HITS Daily Double


IF YOU KNOW WHO BILL FREIMUTH IS, RAISE YOUR HAND: After The Weeknd’s inexplicable Grammy shutout—which saw him excluded from all 13 categories in which his work was entered—and the mess made of the Pop, R&B, Rap and Country album categories, much blame is being directed at a small group at the very highest level of the Secret Screening Committee structure—and Chief Awards Officer Bill Freimuth.

Academy boss Harvey Mason Jr. has offered a few bromides to defend the recent nominations. “For The Weeknd, in every year you only have a certain amount of people you can nominate for each category,” he said in one interview; he also noted that he’s not a voting member and that “I just observed [the process].” Mason insisted the nominating committee listens to everything and “we’re not considering popularity or chart position. We’re just listening for quality.”

But those justifications aren’t cutting much ice inside Grammy world. Meanwhile, there is growing resentment over the role of Freimuth in overseeing—and, in the words of several insiders, controlling—the awards process.

The 59-year-old exec is believed to wield excessive power in Grammyland, with the ability not only to appoint each nominating-committee head but also to select (in tandem with his hand-picked leaders) who sits on each committee. All this, of course, is done with utter impunity, taking place as it does under a veil of secrecy. It’s cowardly, and particularly galling given all that Academy PR about transparency, but it will continue unless the present outrage at Freimuth and his minions boils over into action.

We may be approaching that point, as current and former Academy players are at last coming forward to expose the corruption. Whatever your assessment of the landscape, it seems all roads lead to Freimuth; Harvey may be the head of the org, but they say its Bill’s fiefdom.

Freimuth has worked his way up at the Academy (extrapolating from disclosure forms, he now commands nearly $400k per year) and supervised numerous changes to awards and voting processes. According to the Academy itself, he leads a 17-member (secret) team in managing 22k+ entries and oversees 40+ secret committees while managing all proposals for change. But why would he want to effect real, substantive change? It’s evident that when we say, “The Academy does whatever the fuck it wants,” that’s largely synonymous with what Freimuth wants. Now, though, it appears some of his team members are breaking ranks and speaking out.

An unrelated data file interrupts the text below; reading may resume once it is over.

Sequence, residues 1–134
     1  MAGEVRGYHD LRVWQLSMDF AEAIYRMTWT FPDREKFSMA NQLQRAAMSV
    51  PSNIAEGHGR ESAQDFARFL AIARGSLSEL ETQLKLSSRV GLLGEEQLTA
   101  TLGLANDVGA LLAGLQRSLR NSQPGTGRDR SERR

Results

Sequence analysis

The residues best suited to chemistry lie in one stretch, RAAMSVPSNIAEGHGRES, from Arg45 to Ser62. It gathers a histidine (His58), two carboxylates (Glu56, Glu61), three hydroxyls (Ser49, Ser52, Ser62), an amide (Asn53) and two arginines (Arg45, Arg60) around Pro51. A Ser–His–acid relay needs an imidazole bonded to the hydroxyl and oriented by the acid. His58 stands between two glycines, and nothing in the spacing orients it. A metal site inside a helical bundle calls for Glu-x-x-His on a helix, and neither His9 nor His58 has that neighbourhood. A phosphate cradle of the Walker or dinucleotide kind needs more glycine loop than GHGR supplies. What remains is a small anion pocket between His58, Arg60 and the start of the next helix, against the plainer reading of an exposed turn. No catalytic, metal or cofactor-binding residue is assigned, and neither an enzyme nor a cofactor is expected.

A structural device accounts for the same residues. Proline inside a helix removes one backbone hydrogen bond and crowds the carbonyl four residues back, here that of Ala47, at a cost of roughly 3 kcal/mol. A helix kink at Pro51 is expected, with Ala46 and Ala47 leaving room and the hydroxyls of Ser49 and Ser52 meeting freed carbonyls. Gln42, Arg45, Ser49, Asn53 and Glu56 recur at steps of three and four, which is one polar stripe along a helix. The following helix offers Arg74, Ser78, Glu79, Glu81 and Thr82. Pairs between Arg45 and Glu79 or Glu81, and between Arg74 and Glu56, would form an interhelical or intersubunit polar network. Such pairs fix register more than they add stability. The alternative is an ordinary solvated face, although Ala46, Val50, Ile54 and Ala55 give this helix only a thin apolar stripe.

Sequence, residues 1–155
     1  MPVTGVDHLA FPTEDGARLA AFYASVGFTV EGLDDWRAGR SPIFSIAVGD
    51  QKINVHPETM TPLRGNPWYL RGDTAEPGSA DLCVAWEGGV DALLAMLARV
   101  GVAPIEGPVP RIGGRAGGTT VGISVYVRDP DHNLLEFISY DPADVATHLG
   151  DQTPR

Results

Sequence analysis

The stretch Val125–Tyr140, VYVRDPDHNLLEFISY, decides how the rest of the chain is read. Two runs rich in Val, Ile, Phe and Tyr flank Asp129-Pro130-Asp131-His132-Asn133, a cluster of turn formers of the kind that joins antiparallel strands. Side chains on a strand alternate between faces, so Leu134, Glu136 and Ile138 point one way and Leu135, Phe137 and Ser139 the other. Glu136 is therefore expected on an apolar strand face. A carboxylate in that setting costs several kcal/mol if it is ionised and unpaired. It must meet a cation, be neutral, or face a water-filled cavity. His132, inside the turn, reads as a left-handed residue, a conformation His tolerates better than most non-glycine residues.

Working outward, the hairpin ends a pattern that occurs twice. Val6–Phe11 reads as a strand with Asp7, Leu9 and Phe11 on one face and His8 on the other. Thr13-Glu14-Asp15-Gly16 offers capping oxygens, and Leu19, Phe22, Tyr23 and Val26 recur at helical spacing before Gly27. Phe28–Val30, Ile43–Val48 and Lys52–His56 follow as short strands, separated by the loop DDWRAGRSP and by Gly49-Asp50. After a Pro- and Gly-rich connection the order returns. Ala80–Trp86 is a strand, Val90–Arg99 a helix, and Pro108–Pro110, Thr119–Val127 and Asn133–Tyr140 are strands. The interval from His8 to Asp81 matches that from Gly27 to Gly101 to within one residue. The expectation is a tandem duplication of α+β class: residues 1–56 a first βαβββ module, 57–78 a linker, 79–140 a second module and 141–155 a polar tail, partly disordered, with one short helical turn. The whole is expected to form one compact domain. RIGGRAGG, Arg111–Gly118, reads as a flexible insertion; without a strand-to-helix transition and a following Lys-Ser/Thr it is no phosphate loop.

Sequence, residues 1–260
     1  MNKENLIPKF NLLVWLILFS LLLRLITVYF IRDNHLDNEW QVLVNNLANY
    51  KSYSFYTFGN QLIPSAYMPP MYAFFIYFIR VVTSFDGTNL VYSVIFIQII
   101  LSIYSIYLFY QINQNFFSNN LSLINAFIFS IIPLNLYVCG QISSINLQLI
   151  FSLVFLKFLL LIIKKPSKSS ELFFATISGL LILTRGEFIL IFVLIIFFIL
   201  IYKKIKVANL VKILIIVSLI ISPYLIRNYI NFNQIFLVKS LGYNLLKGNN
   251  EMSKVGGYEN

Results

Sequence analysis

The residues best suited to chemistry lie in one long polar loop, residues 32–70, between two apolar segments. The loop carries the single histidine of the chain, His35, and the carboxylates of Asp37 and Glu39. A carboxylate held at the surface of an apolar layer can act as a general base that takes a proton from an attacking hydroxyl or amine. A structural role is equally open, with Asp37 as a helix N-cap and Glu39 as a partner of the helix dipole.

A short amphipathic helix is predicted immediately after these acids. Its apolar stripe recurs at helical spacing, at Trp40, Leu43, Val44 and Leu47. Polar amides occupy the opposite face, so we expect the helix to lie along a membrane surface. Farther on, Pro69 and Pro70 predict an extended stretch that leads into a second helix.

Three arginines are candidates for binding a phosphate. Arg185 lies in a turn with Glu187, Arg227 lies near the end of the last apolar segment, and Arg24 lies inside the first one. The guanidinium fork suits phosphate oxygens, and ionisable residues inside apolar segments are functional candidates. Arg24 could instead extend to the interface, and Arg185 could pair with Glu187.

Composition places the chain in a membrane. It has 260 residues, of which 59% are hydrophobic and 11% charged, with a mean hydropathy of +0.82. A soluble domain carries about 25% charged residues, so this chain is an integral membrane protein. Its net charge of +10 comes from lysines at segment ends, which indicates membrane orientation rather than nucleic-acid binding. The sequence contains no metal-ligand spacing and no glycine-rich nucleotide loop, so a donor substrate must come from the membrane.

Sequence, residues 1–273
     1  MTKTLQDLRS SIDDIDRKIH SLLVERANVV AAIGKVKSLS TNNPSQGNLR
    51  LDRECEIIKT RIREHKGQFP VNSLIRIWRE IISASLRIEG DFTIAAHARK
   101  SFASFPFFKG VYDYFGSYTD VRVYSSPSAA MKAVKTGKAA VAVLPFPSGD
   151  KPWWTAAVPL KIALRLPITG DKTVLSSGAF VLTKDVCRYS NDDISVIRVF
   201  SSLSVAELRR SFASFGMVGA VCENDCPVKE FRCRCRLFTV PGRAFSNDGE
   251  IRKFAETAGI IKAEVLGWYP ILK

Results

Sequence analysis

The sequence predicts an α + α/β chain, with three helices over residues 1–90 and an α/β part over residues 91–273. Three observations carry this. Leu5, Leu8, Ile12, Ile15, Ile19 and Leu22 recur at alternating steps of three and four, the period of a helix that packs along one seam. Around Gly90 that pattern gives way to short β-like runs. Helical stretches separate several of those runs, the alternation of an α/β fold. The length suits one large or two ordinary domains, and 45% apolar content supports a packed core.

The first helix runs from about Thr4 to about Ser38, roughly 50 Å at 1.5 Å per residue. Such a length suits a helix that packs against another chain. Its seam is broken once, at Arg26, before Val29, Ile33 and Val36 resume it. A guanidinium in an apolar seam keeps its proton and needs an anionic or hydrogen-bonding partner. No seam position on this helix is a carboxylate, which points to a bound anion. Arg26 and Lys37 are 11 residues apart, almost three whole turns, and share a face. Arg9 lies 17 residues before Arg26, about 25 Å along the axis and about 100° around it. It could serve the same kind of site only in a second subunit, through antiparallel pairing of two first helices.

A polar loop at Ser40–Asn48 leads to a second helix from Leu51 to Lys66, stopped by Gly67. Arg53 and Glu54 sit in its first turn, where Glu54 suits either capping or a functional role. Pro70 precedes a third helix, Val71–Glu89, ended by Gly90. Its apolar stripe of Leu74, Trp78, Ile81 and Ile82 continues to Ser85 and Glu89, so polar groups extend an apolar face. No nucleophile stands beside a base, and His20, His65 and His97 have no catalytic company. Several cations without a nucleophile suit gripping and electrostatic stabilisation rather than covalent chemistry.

OMISSION CREEP: Considerable chatter in the wake of the Grammy snubfest has focused on Freimuth and the notion of “egregious omission,” whereby secret-committee members can add titles to the noms list if it’s felt they’ve been unfairly neglected. Certainly The Weeknd, if he was somehow missing from those lists, would’ve been a textbook example of egregious omission; by any yardstick, After Hours and “Blinding Lights” were essential to 2020. The same can be said for Harry Styles, Summer Walker, Lil Baby and Pop Smoke. Sadly, this procedure, at least in the last few years, has primarily been a means by which Bill and his secret-committee members have moved their pet projects (and those of their friends and collaborators) onto the list.

CHICKENSHIT: Meanwhile, another mini-cabal—consisting of Nashville chapter members—is being accused of corrupt dealings of the worst kind. Despite vociferous, repeated denials from the members of this group, virtually everyone in Music City is pointing fingers at three players and the two acts they represent, whom they say have hijacked the country nominations for a second straight year and totally shut out Luke Combs, Kane Brown, Morgan Wallen and Gabby Barrett.

One current media executive, one artist manager and one part-time manager/consultant—along with two artists they rep—have been warned in the past about their abuse and collusion by high-ranking Grammy officials, who urged them in the strongest possible terms to knock the shit off. Yet they continue to run roughshod over the process. Is momentum gathering among Nashvillians to demand the purported ringleaders step down from the chapter? One of these obstructionists responded to multiple managers whose clients were stiffed with, “I wasn’t in the room.”

Speaking of the Nashville chapter, why is everyone talking about the well-liked and well-respected Tracy Gershon, who is said to be a prominent player in the chapter?